Skip

Cutting and Converting an Image
May 13, 2014 6:14 AM   Subscribe

I have an .pdf image that includes railroad tracks. With an old version of Paint Shop Pro, I want to remove just the railroad tracks and then, using a .pdf to .dxf or .dwg converter, I want to make it black and white and scalable. How can I use my version of PSP cut out the image I want? Is there anything else I need to know?
posted by CollectiveMind to Media & Arts (3 answers total) 1 user marked this as a favorite
 
You need to know if the image in the .pdf is vector or raster.

If it is vector, skip PSP (PSP still exists?), and go straight to inkscape or Adobe Illustrator which can export a .dxf natively.

If the image is raster, than you will need to vectorize it by tracing it by hand. You'll need to know how to use a pen tool in PSP, to make a vector image. I honestly can't remember if PSP can do this or not, but something like Inkscape (which is free) can.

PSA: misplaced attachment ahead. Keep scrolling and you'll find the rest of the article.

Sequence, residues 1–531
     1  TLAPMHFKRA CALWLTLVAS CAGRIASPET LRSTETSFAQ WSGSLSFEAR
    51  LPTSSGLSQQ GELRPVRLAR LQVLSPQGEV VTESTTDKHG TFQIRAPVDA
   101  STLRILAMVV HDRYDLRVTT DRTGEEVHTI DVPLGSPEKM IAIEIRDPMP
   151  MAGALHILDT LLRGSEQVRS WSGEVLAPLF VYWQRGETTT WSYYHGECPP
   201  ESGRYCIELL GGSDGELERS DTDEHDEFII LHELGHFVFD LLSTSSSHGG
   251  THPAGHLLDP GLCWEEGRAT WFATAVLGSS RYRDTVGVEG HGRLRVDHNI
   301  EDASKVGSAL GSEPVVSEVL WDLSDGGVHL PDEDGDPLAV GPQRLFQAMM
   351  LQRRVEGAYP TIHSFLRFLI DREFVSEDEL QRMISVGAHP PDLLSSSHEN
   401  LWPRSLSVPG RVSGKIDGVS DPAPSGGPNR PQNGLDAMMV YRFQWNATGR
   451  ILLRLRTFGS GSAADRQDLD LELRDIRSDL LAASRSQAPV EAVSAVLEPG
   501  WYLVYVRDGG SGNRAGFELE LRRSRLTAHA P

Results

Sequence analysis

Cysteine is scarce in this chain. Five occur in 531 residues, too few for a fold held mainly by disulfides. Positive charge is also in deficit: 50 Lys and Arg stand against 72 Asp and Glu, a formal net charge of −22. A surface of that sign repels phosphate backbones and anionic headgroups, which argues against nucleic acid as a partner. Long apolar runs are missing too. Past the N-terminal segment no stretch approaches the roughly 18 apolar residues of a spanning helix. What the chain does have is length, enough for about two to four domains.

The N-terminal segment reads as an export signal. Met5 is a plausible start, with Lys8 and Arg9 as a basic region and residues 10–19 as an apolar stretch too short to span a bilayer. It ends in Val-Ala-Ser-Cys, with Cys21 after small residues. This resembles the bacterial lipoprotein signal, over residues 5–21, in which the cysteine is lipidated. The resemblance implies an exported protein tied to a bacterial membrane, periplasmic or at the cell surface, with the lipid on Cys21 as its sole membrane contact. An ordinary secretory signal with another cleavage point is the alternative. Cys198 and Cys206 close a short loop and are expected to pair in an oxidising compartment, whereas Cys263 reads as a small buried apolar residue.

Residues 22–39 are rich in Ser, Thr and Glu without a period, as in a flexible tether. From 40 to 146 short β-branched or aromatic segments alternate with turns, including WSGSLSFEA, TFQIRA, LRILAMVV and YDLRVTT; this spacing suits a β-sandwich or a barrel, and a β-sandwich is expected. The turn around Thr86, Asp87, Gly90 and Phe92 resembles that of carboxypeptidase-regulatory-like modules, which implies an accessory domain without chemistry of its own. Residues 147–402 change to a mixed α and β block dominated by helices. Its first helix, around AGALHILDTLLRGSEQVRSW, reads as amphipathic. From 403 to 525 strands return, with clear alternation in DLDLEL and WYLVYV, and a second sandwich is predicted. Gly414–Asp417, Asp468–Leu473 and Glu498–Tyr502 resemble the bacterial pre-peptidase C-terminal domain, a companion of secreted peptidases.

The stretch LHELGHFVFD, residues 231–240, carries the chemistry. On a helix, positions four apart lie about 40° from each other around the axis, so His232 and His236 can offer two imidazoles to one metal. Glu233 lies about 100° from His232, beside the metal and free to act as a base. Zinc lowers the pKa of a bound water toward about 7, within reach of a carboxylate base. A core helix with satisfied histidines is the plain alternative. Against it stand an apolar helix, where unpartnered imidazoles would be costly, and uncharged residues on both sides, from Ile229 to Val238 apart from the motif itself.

Whats your end goal? A laser/vinyl cut?
posted by fontophilic at 10:24 AM on May 13


Yes. And I know very little about selecting an image from the background but a few times, while messing around with PSP, I managed to cut it right out and move it around. I don't know or remember how I did it. But that's what I want to do rather than draw in-between all of those lines. And, if I could add an offset so that when the laser cuts it w/o cutting it so thin that it falls apart when you touch it, that would be ideal. But the first priority is selecting and pulling the image out of the background.

How can I tell if it's a vector v a raster? Properties?
posted by CollectiveMind at 2:25 PM on May 13


Basically if you zoom in, do you start to see pixels? Or does it stay sharp.

You can also pop it into inkscape/illustrator and see if in the layers panel you get an image or a path.
posted by fontophilic at 6:10 AM on May 14


« Older I'm being forced to acknowledg...   |  I travel a fair amount for wor... Newer »

You are not logged in, either login or create an account to post comments



Post